The country has a couple of days to dry out following the weekends downpours but more rain is expected towards the end of the working week according to WeatherWatch.co.nz.
The high, currently over New Zealand, will strengthen its grip Tuesday but will start to drift east over the Pacific on Wednesday. Behind this high is a large area of unstable air that’s looking increasingly likely to spawn a low pressure system, pulling air down from the tropical north.
Rain or showers are likely to spread down again from north of New Zealand making for another wet, humid, Thursday or Friday across the north and west.
Head weather analyst Philip Duncan says this is typical La Nina weather. “These lows forming in the northern Tasman Sea or even further north are very typical of La Nina. Last year we had highs holding firm over the country stopping them from reaching us, but this year the highs just aren’t sticking around, allowing these lows to develop nearby and bring rain”.
MetService is monitoring the low with ‘moderate’ confidence rain warnings might be issued in eastern Northland and parts of the South Island’s west coast.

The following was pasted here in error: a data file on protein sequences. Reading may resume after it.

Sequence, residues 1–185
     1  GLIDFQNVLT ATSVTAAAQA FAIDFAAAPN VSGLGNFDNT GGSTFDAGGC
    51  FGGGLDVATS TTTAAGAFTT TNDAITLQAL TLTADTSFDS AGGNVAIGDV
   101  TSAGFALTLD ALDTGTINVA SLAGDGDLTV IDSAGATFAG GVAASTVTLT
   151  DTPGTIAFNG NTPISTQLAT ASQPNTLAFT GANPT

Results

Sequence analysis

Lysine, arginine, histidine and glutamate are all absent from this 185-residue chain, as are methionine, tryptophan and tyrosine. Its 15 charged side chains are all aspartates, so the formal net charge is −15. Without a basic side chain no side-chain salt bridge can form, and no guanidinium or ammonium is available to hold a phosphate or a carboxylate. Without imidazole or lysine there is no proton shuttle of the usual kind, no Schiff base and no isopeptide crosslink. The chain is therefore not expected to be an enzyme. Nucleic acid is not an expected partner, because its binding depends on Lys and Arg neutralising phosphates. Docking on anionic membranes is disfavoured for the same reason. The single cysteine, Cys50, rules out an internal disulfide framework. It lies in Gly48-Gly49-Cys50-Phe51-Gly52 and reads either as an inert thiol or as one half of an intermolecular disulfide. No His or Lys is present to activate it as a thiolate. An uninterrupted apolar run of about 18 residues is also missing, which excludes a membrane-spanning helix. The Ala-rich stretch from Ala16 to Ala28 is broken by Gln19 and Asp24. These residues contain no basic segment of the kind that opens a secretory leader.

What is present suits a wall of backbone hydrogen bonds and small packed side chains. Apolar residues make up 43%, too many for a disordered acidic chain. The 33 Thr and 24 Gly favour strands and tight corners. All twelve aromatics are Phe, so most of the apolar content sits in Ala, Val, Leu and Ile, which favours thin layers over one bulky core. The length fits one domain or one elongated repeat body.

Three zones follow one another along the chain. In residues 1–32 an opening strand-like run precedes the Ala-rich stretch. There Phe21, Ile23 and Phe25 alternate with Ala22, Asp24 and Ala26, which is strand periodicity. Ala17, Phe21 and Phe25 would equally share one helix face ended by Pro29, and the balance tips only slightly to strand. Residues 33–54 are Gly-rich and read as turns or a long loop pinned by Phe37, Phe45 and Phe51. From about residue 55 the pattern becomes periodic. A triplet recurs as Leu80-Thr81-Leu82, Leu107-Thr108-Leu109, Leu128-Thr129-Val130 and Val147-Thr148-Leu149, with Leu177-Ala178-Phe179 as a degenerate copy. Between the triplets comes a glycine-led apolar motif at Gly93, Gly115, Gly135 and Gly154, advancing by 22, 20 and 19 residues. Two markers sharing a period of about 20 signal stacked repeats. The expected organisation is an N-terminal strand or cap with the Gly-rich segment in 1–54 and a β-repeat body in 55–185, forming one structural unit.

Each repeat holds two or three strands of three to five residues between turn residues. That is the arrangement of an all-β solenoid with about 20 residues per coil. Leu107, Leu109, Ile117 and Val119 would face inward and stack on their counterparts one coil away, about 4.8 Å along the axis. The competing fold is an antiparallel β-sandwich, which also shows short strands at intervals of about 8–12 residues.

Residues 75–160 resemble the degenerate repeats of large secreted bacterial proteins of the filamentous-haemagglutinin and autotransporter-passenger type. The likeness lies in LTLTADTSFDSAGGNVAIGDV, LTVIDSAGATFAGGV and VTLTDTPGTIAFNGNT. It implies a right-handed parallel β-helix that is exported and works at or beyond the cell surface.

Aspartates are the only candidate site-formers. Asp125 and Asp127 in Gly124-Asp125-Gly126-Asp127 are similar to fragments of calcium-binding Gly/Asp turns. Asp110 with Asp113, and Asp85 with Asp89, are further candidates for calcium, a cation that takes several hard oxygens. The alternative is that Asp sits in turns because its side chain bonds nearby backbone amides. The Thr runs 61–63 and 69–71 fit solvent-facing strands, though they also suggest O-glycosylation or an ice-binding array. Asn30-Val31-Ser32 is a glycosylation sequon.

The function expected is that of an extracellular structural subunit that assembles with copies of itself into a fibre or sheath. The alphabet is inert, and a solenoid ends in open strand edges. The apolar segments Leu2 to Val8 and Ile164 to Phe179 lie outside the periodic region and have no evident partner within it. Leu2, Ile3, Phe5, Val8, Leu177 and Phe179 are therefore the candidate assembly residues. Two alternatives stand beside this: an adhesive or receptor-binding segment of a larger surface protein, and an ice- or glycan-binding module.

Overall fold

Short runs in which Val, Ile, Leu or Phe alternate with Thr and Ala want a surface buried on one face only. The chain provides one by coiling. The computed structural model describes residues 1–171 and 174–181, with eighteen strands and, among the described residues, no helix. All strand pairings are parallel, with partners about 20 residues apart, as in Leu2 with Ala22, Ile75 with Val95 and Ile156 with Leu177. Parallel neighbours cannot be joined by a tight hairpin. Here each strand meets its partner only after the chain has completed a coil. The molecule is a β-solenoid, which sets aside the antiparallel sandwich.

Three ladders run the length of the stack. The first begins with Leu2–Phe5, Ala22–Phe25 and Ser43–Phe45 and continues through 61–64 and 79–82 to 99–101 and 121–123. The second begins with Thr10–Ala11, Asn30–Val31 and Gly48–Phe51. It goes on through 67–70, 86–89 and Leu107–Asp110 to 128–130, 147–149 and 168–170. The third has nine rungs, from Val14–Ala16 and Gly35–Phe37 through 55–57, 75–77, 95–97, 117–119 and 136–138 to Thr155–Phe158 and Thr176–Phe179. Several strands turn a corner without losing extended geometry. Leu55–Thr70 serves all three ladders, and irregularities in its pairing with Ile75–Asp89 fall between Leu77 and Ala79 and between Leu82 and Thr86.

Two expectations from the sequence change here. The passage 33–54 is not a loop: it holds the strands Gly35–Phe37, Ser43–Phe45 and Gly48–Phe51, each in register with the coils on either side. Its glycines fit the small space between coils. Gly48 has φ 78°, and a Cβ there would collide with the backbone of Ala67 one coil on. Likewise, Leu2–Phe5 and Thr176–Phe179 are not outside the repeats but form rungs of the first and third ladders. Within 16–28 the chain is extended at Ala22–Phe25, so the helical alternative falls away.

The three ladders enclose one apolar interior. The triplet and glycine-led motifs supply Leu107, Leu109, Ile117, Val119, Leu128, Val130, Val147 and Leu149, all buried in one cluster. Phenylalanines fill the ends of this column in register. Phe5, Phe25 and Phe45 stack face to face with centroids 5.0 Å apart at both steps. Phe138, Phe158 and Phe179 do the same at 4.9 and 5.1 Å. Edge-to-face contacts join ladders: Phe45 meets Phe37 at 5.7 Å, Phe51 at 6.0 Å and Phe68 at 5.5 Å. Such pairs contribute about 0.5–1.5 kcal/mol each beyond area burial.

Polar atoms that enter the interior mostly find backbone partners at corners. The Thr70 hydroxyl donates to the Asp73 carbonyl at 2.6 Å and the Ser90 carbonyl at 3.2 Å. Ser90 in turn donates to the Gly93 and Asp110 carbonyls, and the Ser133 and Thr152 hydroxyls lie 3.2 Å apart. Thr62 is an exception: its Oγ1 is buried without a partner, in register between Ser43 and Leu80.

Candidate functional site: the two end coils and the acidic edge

WeatherWatch.co.nz will monitor the development of this next front but Mr Duncan says it’s too early to know how much rain will fall and whether or not it will bring heavy rain. “We’ll have a much better idea on Wednesday or Thursday about rainfall numbers and which regions will be the wettest”.
“At this stage this predicted low doesn’t appear to be of the same magnitude as last Friday’s one”.
Duncan says we’re in a 7 day cycle at the moment with rain bearing fronts every 7 or 8 days and highs only lasting a few days in between.
High humidity is expected to return to regions north of Waikato by the end of this week too. On Sunday WeatherWatch.co.nz’s humidex, which measures humidity plus air temperature, calculated the temperature felt more like the low to mid 30s in Auckland and Northland. He says similar heat may return on Friday and Saturday. “Just a week ago it felt like Autumn, now we’re seeing some warmth return. March is usually quite a warm month so this is all relatively normal”.
The northerly flow this week should also keep eastern areas of the South Island much warmer, following a cold end to February. Daytime temperatures should be in the 20s for much of the week.